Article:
Advice on presenting yourself professionally: Don’t walk like a giraffe!

By Amber Alarid, [Joining Vision and Action]

This week, I am continuing to share career advice from myself and my fellow JVAers that we feel is most useful to young professionals. This is the advice we have received and cherish, the advice we wish we would have heard sooner and/or the advice we give to anyone beginning a career in the nonprofit sector. This week, I am combining advice I received from fellow JVAers Collin Lessing and Emily Winslow with some of the best advice given to me, which pertains to how to present yourself in a more professional manner at the office.

Don’t Walk Like a Giraffe

When asked to share his best advice for young professionals, Collin said, “Don’t walk like a giraffe.”

You may be wondering what a tall mammal that slowly plucks its food from the tops of trees has to do with the workplace. I did too, so I asked Collin to explain:

“When I was in my first job out of college and in an entry-level position in advertising, one of the more senior-level staff members had taken me under his wing and would often give me helpful, professional advice. One day I was walking by his desk and he pulled me aside and said, ‘Collin, do you realize you walk really slowly around the office? You’re a really tall guy —it stands out. You look like a giant giraffe walking around the office. You might want to move faster so you don’t look like a giraffe.’ Since then, I’ve made it a point to be thoughtful and intentional about how different aspects about the way I present myself (going beyond attire) send nonverbal messages about professionalism—which in this case means always moving with a sense of purpose.”

Purpose not Intensity

In contrast, I learned a similar lesson about the image I was presenting by walking too fast. During my first internship, I learned countless invaluable lessons about interacting with people in the workplace, whether they were coworkers, board members, donors, people who wanted to learn more the organization and everyone in between. Like most organizations, there were many times when we as a team were met with deadlines and projects that required us to work and walk with a sense of urgency; however, I quite often took the phrase a little too literally.

In all honesty, I can’t remember what had me barreling around the office at that moment, but I will always remember the advice my boss passed along to me that she said had once been given to her. She cautioned me that when you are on a mission for a client or coworker it’s always best to walk with urgency, “but don’t run, it causes panic.” What I took away from this experience is that while it’s important to make it understood that you care and that you are taking a project or a client’s request seriously, it’s also important to project a sense of calm at the same time. Perhaps this sense of urgency without panic is best summed up by JVA’s Emily Winslow, who said it’s always best to “hustle.”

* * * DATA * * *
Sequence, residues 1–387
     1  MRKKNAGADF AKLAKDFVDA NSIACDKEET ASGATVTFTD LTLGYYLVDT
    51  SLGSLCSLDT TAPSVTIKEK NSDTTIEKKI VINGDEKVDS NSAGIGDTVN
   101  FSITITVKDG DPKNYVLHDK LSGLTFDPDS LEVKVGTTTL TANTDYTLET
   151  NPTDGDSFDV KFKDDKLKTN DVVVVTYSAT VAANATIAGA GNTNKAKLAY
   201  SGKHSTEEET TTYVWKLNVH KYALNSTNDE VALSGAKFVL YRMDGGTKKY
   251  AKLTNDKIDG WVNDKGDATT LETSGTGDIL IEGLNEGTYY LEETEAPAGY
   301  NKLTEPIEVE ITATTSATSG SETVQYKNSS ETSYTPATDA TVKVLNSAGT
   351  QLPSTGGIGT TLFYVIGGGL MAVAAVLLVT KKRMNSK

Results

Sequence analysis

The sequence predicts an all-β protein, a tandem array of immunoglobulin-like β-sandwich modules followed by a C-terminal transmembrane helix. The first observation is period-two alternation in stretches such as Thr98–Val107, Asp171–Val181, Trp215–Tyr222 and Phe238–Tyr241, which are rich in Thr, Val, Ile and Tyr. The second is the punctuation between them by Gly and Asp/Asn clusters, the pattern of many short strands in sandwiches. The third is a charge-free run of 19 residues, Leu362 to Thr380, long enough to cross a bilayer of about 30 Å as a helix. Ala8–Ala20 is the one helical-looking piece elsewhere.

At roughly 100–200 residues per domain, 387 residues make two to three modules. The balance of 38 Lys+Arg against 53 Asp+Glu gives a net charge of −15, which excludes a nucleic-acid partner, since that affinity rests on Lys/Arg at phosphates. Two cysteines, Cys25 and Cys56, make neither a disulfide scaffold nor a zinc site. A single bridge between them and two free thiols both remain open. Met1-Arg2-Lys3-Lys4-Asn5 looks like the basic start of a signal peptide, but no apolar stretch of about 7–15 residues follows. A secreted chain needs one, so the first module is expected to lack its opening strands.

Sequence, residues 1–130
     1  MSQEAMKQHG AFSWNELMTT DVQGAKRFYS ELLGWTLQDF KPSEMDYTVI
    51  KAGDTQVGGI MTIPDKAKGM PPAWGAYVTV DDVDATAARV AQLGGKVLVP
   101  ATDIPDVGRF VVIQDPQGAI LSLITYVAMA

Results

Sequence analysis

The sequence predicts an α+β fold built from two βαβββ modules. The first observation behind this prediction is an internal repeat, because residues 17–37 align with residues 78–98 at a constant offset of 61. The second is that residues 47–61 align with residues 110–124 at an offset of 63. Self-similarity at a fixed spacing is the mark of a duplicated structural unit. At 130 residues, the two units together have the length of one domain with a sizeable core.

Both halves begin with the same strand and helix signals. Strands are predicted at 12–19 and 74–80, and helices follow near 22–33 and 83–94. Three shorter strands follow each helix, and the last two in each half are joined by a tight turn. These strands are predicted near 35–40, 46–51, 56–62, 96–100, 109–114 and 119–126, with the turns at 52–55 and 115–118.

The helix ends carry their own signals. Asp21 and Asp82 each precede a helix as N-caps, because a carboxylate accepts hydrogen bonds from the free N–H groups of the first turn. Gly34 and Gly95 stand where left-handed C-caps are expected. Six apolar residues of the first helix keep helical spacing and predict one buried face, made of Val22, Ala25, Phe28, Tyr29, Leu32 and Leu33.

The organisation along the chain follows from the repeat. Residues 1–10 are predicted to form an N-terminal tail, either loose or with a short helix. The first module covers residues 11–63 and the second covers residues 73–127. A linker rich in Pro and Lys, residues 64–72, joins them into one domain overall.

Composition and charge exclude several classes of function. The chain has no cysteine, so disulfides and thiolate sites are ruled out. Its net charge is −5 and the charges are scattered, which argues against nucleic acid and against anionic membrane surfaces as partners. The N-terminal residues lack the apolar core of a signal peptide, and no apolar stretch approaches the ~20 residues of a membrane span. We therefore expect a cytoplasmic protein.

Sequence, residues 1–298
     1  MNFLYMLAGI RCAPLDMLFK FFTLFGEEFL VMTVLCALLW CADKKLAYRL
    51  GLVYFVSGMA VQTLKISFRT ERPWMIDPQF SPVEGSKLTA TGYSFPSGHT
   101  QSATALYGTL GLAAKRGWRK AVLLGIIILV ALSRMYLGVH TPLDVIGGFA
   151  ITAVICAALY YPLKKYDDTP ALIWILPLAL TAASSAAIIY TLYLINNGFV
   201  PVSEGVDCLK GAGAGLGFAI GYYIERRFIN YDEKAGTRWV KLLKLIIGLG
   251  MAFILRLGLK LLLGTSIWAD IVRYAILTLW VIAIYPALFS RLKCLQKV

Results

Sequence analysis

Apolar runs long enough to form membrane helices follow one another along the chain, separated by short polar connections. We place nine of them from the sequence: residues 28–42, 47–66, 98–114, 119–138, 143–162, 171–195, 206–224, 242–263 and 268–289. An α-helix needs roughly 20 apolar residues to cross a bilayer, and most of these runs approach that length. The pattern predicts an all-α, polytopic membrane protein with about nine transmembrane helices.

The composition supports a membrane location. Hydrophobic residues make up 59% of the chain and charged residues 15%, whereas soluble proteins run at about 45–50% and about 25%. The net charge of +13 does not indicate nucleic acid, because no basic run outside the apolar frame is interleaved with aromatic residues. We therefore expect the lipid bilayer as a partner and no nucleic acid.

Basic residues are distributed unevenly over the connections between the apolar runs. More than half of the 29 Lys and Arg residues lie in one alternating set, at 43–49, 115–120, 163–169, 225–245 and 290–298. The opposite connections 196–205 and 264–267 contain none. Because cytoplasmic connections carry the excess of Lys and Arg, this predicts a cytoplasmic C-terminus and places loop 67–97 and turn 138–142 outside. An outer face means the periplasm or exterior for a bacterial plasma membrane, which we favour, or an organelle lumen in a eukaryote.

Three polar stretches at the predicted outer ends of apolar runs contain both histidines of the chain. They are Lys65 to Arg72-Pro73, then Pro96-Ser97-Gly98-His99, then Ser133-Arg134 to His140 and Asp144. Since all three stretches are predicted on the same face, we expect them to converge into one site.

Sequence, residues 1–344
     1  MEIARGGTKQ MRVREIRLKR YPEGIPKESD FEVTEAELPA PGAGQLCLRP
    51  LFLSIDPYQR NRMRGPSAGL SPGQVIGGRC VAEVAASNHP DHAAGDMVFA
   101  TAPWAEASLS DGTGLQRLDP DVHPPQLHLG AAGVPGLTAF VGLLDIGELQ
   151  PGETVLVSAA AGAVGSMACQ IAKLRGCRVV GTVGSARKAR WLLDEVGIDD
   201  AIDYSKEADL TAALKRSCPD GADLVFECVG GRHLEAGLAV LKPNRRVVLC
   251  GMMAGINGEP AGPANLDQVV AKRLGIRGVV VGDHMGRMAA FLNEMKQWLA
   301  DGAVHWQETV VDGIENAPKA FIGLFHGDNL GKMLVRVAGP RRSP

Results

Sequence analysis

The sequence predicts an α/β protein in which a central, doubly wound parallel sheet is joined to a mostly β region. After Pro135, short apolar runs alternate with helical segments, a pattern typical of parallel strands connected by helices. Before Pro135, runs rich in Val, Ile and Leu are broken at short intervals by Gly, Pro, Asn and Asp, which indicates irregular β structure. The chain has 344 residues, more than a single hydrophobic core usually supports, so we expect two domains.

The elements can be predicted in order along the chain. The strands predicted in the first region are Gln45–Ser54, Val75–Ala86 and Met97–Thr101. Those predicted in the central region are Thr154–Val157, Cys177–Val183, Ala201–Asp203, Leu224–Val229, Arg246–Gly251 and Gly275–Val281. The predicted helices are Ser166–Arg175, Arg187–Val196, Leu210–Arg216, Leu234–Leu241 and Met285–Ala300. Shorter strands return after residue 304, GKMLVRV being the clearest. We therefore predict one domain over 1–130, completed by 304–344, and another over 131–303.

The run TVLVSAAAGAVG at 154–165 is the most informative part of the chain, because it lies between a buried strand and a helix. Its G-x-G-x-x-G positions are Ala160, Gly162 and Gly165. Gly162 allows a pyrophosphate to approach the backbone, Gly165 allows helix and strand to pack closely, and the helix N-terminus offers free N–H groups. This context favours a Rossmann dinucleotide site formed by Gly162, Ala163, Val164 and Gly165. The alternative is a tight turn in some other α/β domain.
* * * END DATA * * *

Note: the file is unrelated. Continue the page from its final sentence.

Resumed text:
By hustling to complete a task or get an answer, you are sending a non-verbal cue to the other person that you find importance in what they have asked you to do, and you are saving yourself from stress down the line when closer to the deadline. By running, I was creating more stress for myself, donors, coworkers, etc., by instilling a sense of panic rather than urgency. What I believed to be a sign of enthusiasm and vigor actually appeared as a lack of confidence that I could get the job done on time or a feeling that I had something else to do and someplace else to be. I learned that by slowing down just a bit (not losing my sense urgency, of course), I could actually give those who had assigned me a task a sense of confidence and position myself as a more collected young professional.

How are you Perceived?

So this week I challenge you to think about how you present yourself overall. As Collin states, the way you walk makes a statement.

If you have thoughts or suggestions for other young professionals on how they can present themselves more professionally, I invite you to share them in the comments section.

2017-07-21T14:54:14+00:00 June 19th, 2013|Blog, Tools for Changemakers|1 Comment

One Comment

  1. Linda Sollars July 5, 2013 at 10:22 pm - Reply

    When I work with companies, one of the common concerns with young professionals is the lack of eye contact. The seasoned professional was taught to look someone in the eye during every face-to-face conversation. Lack of this eye contact implies the inability to tell the truth. Many young professionals send or receive texts while talking face-to-face to their peers so eye contact is not necessary. It is critical to learn eye contact since most of the workforce management looks for this in hiring and promotion.

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